Q.Every year at about this time a number of crickets and other small animals come into our home. I use sticky glue boards to trap most of them near a sliding door so I'm pretty sure that their principle entrance is under that standard six foot wide slidi ng patio door in the basement at ground level. When I slide the door open there are usually several crickets hiding in the track. I don't see a brand name on the door so it's probably a contractor grade generic door. Is there a way to replace the seal un der the door?
Or would I be better off replacing it? The door is probably 20 years old and it works fine, but it's probably not air tight if bugs can crawl in. I sometimes consider installing a non-slider primarily to improve security but the slider does give us light in a dark basement. Installing a non-slider might be a big job since it's in a finished basement with paneling over a concrete block wall. What would you recommend?
A. Crickets along with most other creatures sense the change of season and seek shelter to wait out the winter. Your house looks like a good spot to hide out so here they come. Your basement slider is just one of probably a dozen potential entry points. A modern French type swinging door set might be tighter but donít look to that as a cricket cure.
Crickets love dark corners and dank recesses so you'll find them in outside stairwells to basements and in garages. They get into the house through tiny openings under doors and around windows and once in the house they go looking for something to drink which is why you'll frequently find them in the basement. I know I'll hear from purists who will instruct me that there are different types of crickets and I know that. For the purposes of irritation they are all the same to me.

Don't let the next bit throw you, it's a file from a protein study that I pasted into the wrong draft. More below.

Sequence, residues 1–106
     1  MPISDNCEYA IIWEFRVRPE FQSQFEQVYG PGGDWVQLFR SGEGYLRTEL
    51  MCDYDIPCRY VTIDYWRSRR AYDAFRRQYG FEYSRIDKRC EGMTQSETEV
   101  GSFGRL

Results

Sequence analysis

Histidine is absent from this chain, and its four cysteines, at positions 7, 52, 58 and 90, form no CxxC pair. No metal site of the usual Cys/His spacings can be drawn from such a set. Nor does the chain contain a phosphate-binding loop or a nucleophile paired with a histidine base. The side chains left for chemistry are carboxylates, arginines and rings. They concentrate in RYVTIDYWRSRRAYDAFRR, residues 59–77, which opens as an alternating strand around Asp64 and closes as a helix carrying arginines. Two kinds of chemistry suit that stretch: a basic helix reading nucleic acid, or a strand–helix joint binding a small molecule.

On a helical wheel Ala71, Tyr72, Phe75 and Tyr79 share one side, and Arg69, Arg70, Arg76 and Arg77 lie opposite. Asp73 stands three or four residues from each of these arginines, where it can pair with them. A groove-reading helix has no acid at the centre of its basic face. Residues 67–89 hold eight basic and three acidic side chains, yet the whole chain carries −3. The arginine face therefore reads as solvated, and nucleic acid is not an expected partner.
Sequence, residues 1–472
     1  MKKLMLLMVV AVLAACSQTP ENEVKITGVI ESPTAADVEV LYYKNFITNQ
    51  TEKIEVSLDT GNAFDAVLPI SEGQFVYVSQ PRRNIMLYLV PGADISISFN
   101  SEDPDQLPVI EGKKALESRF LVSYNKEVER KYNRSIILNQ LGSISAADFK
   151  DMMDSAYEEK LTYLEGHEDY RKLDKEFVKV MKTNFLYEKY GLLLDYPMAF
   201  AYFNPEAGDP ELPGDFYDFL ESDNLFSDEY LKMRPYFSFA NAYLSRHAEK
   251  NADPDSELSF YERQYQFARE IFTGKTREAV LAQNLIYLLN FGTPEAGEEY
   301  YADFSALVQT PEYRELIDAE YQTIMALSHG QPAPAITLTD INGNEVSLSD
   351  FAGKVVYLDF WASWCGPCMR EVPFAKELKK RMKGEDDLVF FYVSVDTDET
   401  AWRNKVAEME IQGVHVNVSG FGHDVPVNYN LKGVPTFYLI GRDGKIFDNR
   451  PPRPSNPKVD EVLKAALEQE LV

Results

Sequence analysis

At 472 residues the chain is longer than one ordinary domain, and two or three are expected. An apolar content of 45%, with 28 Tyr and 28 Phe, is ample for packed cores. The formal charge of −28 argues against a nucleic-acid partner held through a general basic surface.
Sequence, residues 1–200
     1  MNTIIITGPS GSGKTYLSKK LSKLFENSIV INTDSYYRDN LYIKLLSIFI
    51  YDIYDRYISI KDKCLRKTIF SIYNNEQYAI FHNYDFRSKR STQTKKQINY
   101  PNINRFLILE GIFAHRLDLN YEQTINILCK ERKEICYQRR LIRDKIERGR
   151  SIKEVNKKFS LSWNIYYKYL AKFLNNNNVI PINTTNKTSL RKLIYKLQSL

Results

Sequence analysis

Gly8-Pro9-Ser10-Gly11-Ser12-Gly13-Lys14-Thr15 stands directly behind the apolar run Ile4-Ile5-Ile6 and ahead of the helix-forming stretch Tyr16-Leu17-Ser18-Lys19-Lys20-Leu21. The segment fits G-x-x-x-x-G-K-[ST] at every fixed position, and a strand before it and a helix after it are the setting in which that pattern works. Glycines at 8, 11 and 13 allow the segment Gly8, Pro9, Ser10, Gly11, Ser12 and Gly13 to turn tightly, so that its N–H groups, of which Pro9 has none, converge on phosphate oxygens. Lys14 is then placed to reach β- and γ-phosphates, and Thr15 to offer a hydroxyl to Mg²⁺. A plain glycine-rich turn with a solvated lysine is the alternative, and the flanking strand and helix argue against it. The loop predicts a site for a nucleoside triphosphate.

Perimeter spraying with some of the available insecticides may reduce the numbers of crickets and other household pests such as ants but in the long run we all know it won't eliminate them. EPA has slowly but surely reduced the selection of anti-pest ag ents for valid human health-risk reasons and the substitutes never seem to match up to the effectiveness of the banned poisons. After all, we are trying to kill living things in great numbers and in so doing we can hurt ourselves too. Some anti-insect measures attack the mechanics of the pest's body in ways that are harmless to pets and humans such as using chemicals that dehydrate. Crickets hop over that stuff and the best thing for them was a nerve agent that I agree shouldn't be used where kids an d pets can be exposed. The stuff I've used in the past even made me tingle and I knew it was nasty and not good for me.
You can attempt to reduce the entry points by making sure all the doors to the exterior have tight weather-stripping especially at the thresholds. Attaching a sweep like weatherstrip piece to outside lower stile of the slider panels might help but again, donít count on it. Check the basement windows and caulk as needed.
The garage is a losing battle. The door stays open while cars and people come and go and so do crickets. Even closed, garage doors are notoriously loose fitting. Garages tend to be the repositories of all manner of stuff such as lawn equipment, athletic gear, boat stuff, grilles, bicycles etc, providing dozens of little dens and crannies where crickets can hide. They love garbage cans.
I generally take a tolerant view of most living things until they take up residence in the house with me, uninvited. The cricket strain I dislike the most are the ones that become ensconced in a corner or under a couch and start chirping for a mate whil e I'm trying to sleep. All those stories about them being good luck aside I can't sleep until I've silenced the offender and sometimes the search is maddeningly long. I've been told that if they can't find a moisture source they eventually dry out and d ie inside the house. I can't wait that long.
Like you, the non-toxic long-term solution that I've come to employ is setting out those sticky traps frequently sold for mice control. Crickets jump onto them and that's their last leap. I have taken to using our old friend, duct tape, in strips about e ight inches long placed glue side up and it seems to work as well as the sticky traps. The old mice counting formula-- if you can see one then you have twenty-- certainly holds true with crickets. I've been told that a healthy cat will significantly redu ce the cricket population in the house. If you use the sticky traps or duct tape strips, hide them behind things where the kids, cat or dog can't get to them.